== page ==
The 5 Seeds of a Healthy Diet

Wednesday, June 18, 2014 12:44 PM comments (0)

sunflower seedsSometimes the best gifts come in small packages and sometimes the best foods do too. They might not look like much but seeds can pack a hefty nutritional punch. Tiny titans of a healthy diet, seeds contain nutrients like protein, fiber, iron and omega-3 fatty acids. 

Jennifer Panicko, Registered Dietitian at NorthShore, discusses the big benefits of adding any of these five seeds to your already healthy diet:

Chia seeds. Packed with fiber, chia seeds are filling and nutrient-rich, adding omega-3 fatty acids, calcium, potassium and iron to the mix too. Their pleasant nutty flavor means they can be consumed raw or added to yogurts, oatmeal and sprinkled on top of favorite whole grain snacks.
Recipe: Banana almond overnight oatmeal with chia seeds

Sunflower seeds. With lots of B vitamins, especially folate, sunflower seeds are a great snack for pregnant women and those looking to boost the strength of their immune systems. They also have lots of vitamin E, and, even better, are packed with protein and heart-healthy fats. Go natural and skip the salted variety.
Recipe: Shaved squash, sunflower seed and feta salad 

Flax seeds. Small but mighty, flax seeds are brimming with nutritional value. They contain heart-healthy omega-3 fatty acids, lignans—which are plant-based phytoestrogen that have been shown to lower one’s risk for some types of cancer—and both soluble and insoluble fiber. Make sure to grind the seeds before consuming to ensure you get their full benefits.
Recipe: Date and oat muffins with flax seeds 

Sesame seeds. The health benefits of sesame seeds go on and on. They are high in antioxidants, which help boost the immune system, and have been shown to lower hypertension and bad cholesterol, and reduce stress levels. With a delicate nutty flavor, they can be added to just about anything.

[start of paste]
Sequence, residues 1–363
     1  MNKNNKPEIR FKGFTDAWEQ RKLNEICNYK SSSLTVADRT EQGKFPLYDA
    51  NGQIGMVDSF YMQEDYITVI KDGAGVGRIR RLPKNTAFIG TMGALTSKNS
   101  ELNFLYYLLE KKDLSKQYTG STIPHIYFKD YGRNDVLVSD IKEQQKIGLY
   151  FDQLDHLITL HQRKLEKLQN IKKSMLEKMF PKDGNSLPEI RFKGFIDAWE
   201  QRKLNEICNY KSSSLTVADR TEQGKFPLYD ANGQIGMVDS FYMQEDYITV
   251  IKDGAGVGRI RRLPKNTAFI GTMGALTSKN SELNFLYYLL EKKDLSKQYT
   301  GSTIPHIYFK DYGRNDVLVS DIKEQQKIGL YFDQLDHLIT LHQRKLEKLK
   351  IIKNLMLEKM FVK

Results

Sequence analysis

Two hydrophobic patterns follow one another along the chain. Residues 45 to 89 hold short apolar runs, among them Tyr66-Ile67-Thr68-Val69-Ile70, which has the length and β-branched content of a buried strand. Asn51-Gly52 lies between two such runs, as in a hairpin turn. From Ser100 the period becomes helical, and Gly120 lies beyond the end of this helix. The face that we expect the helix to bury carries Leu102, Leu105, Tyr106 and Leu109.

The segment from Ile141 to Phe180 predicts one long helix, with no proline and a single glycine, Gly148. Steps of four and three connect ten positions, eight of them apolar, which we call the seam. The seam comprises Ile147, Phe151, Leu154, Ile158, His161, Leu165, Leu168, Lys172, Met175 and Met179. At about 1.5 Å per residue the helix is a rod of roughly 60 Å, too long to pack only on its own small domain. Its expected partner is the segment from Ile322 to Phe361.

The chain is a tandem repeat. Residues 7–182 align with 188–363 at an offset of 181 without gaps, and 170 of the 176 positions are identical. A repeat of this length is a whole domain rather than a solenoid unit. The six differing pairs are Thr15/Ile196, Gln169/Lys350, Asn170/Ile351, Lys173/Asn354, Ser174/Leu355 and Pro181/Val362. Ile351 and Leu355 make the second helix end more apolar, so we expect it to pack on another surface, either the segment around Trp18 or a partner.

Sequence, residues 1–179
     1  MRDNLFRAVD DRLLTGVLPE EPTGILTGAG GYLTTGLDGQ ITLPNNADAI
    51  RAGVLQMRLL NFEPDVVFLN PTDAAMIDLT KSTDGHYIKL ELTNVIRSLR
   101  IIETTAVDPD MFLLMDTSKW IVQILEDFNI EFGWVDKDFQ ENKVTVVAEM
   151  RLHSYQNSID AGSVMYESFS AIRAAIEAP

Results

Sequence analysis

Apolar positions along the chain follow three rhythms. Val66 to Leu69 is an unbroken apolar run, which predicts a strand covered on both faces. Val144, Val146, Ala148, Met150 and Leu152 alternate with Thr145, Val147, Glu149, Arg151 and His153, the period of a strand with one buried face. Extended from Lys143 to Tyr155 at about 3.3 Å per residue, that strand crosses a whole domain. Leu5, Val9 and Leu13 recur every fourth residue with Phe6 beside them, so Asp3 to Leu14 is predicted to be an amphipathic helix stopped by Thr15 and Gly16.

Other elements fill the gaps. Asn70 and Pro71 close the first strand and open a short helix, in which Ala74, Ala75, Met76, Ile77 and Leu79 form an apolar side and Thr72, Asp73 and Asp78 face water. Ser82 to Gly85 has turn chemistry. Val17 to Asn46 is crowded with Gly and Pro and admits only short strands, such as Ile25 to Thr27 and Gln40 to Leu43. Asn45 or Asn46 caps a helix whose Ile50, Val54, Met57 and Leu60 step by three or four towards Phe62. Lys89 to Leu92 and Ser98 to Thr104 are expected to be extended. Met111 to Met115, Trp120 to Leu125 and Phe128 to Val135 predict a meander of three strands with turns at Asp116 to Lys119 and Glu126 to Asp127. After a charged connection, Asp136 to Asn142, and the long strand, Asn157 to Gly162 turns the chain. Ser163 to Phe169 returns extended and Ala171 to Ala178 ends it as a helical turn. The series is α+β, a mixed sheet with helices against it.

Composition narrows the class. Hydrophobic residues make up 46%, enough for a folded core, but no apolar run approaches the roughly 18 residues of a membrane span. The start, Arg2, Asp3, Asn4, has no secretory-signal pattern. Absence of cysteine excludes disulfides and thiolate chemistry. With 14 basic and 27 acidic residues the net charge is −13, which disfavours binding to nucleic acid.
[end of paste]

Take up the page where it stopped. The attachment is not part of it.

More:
Recipe: Salmon with sesame and orange relish  

Pumpkin seeds.  A delicious source of B vitamins and iron, pumpkin seeds are also high in a particular amino acid that has been shown to reduce anxiety: tryptophan.  They’re also a fantastic source for omega-3 fatty acids, which can help lower bad cholesterol levels. Serve them raw or roasted, either will make a healthy snack. 
Recipe: Corn and quinoa summer salad with toasted pumpkin seeds

What is your favorite seeded recipe?


Small Changes in Snacks Make for Big Changes in Kids’ Health

Friday, April 19, 2013 2:31 PM comments (0)

healthy snacksOver the last 30 years, childhood obesity rates have tripled in the United States, with nearly 1 in 3 children considered overweight or obese. Left unchecked, childhood obesity can lead to serious health issues in children, including diabetes, high blood pressure, high cholesterol, asthma and sleep apnea.

The good news is that small changes in snacks, like swapping those high in fat, sodium and calories for healthier, more filling options, can make a big impact. Felissa Kreindler, MD, pediatrician at NorthShore, shares some healthy snack options that won’t send the kids running … unless, that is, they always follow a healthy snack with some equally healthy exercise.